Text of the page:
Who Says Elephants Can't Dance by Lou Gerstner, Jr.
Gerstner started off by taking IBM through the proverbial Big Bath, exaggerating losses and selling off assets. Apparently he negotiated for a bunch of IBM stock initially, and argued for more ownership in the company; i.e. senior executives are expected to hold several years of income worth of IBM stock in order to help align incentives.
In return, Gerstner ramped up IBM services, which played to his decade at McKinsey. And dealt with IBM politics, which probably accounted for the bulk of what they had to pay him.
"When you see your competitor drowning, grab a fire hose and put it in his mouth."
"We have no alcohol on IBM airplanes. It is prohibited to serve alcohol."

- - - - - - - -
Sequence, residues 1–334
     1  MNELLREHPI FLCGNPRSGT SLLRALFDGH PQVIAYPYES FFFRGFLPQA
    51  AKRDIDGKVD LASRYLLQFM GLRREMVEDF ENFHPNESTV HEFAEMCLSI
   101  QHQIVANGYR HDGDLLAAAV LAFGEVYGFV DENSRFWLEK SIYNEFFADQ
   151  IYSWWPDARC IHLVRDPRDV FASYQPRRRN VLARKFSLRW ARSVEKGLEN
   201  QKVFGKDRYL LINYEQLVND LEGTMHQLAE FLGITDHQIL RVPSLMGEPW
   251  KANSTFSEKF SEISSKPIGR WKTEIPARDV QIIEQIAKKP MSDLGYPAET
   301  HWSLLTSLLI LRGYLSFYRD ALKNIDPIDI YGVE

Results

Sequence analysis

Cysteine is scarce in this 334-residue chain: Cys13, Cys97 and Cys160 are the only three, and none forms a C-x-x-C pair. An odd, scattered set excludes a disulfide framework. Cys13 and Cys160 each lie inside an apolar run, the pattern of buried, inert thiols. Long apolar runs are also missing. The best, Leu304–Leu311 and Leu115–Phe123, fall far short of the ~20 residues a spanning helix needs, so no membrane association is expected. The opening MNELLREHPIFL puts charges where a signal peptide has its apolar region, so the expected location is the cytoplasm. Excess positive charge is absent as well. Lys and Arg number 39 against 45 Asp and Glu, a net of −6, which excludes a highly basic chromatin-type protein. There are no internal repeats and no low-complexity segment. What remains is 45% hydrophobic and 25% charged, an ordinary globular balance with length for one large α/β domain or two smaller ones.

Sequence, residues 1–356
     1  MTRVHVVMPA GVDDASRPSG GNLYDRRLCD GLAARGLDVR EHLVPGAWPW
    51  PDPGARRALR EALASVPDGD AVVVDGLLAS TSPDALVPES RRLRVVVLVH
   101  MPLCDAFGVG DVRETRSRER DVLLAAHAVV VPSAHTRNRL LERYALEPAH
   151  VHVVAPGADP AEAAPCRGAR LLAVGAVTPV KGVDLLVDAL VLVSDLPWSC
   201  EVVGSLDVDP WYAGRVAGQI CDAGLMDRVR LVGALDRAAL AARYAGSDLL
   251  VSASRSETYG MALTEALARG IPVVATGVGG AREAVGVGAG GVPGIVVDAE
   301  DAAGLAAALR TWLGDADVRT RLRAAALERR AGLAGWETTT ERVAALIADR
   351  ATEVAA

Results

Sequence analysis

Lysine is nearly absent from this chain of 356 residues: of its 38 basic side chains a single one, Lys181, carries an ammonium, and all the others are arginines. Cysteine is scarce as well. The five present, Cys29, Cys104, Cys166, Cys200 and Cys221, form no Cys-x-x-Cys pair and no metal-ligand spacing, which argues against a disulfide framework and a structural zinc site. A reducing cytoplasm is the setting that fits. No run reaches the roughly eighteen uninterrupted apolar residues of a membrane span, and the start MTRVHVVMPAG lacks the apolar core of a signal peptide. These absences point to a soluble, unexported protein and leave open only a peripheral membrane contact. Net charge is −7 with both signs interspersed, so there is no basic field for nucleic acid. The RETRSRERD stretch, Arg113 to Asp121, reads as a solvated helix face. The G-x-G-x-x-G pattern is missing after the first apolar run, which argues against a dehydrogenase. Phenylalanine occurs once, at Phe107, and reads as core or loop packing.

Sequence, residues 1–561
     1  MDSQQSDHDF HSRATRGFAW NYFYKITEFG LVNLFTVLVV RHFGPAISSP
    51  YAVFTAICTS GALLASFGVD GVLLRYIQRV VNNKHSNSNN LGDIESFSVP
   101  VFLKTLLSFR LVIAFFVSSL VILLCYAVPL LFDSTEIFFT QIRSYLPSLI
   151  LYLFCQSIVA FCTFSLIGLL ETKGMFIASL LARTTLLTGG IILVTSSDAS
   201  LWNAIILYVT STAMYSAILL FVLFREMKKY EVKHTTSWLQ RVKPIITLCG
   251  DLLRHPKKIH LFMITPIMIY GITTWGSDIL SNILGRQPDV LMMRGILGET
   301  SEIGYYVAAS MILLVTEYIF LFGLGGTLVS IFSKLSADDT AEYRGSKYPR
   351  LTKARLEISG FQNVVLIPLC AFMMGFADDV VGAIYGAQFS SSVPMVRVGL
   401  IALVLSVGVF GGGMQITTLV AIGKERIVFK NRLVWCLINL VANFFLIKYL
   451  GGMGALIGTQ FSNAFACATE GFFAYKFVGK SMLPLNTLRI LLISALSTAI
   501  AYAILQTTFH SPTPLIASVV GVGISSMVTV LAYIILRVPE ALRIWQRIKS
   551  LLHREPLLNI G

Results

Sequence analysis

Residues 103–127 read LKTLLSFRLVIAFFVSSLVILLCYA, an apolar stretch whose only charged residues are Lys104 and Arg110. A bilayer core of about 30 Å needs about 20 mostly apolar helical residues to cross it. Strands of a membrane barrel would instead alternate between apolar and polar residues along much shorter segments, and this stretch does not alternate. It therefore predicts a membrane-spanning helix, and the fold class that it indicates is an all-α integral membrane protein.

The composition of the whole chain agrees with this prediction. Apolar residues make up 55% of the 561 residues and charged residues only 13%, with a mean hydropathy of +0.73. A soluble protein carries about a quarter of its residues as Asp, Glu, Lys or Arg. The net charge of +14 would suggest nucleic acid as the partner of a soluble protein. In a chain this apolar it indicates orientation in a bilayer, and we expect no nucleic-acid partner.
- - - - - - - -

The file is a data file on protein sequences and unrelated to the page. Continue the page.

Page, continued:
I said, "Can you think of anyone who could change that rule?"
You couldn't walk into a major city in the United States that did not have a large IBM tower.... We sold 8,000 acres of undeveloped land. We sold first-class real estate that we didn't need, like the tallest building in Atlanta... Over the prior decade, IBM had amassed a large and important fine-art collection... In 1995 the bulk of it was sold at auction at Sotheby's for $31 million.( selling stuff during a recession... )
no credit can be given for predicting rain -- only for building arks.
The media like forecasts, predictions, and promises. If you spend a lot of time on camera, you are likely to succumb to the temptation to overpromise.